Litigation Funding Agreements (Enforceability) Bill [HL] Debate

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Department: Scotland Office
Lord Meston Portrait Lord Meston (CB)
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My Lords, this Bill, and the Supreme Court decision which prompted it, have shone light on the somewhat arcane topic of third-party litigation funding. It is an area with which many legal practitioners frankly have little real familiarity, and with which most of the judiciary only have to deal from time to time. As stated in the Explanatory Notes to the Bill, third-party litigation funding is a niche market which typically operates in high-value claims. That is correct: it is less to do with individual smaller claims and little to do with filling gaps left by the loss of legal aid—on which I join my noble friend Lord Carlile in resisting the temptation to go down memory lane.

A rather cynical friend suggested to me that the speed with which this Bill has been produced shows how much money is at stake. However, in the shorter term, there is a need to limit the adverse consequences of the Supreme Court decision, hopefully including the need to avoid satellite litigation seeking to rectify or sever existing arrangements or to test out new arrangements trying to get round the effects of the Supreme Court decision. That is best achieved, as the Bill proposes, by stating the law to be what many people, including the losing party in the Supreme Court, said it was.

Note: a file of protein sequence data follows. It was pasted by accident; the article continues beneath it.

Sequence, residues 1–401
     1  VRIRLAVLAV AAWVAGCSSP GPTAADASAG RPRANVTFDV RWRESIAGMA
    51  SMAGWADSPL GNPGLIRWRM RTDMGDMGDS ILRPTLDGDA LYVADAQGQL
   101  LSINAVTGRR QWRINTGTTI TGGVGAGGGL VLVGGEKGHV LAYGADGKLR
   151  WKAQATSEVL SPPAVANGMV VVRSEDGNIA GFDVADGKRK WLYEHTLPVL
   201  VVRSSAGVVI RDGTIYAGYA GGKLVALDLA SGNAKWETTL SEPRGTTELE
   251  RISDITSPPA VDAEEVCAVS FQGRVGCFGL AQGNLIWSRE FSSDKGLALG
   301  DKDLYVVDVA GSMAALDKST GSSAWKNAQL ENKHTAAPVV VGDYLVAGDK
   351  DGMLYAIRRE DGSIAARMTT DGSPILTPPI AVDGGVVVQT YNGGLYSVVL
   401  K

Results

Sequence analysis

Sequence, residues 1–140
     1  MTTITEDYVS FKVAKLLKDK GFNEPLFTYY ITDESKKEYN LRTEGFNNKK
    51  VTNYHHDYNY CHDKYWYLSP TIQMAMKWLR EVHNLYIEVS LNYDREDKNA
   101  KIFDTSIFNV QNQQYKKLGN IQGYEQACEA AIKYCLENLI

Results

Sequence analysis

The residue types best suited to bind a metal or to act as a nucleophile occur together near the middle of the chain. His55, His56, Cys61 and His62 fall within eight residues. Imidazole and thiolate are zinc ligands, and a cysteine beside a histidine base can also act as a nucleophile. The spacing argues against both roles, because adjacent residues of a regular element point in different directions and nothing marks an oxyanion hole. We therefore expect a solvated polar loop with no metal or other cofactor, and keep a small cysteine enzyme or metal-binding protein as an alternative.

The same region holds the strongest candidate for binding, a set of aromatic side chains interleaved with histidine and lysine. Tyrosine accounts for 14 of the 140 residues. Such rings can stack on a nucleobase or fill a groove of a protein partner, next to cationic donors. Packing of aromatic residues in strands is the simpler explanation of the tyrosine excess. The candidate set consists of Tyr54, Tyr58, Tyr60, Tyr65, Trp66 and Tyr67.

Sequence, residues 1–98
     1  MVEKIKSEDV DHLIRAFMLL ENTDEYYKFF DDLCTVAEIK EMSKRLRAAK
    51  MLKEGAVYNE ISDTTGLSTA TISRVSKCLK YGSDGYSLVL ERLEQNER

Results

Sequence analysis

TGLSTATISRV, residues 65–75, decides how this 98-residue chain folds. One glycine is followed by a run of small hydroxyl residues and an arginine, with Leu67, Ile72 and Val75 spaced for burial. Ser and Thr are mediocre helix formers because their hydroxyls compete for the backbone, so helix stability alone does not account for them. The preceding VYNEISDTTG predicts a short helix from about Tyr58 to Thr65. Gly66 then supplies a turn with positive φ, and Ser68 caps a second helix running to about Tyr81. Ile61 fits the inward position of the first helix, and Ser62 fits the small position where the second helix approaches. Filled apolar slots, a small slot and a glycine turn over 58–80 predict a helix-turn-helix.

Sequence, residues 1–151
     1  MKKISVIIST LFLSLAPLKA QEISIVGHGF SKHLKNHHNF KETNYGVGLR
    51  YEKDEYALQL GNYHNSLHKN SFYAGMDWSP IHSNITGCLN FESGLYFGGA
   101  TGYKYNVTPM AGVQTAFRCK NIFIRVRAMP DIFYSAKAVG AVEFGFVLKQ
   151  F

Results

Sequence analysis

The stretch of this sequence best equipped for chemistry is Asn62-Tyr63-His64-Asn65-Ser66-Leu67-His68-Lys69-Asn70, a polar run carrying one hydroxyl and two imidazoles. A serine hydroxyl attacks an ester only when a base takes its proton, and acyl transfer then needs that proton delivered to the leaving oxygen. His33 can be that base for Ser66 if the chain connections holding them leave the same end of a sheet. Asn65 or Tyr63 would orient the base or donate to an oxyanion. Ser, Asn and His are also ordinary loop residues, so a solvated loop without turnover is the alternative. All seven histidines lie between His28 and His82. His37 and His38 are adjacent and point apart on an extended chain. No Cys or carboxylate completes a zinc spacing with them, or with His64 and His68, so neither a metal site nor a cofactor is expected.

Additionally, there are clearly wider considerations and a need to preserve and improve established benefits of properly managed funding arrangements. If there are any significant concerns about commercial litigation funding, as suggested in a briefing paper that I received only today, they surely must predate the Supreme Court decision and are unlikely to be cured or made worse by this Bill.

Although the Long Title to the Bill will limit the extent of any permissible amendment, the passage of the Bill, distinguishing litigation funding agreements from damages-based agreements, should provide some opportunity to consider both types of arrangement.

Dealing specifically with damages-based agreements, these are governed by regulations made in 2013, about which, in a case in 2021, a member of the Court of Appeal said that nobody could pretend that those regulations represented the draftsman’s “finest hour”.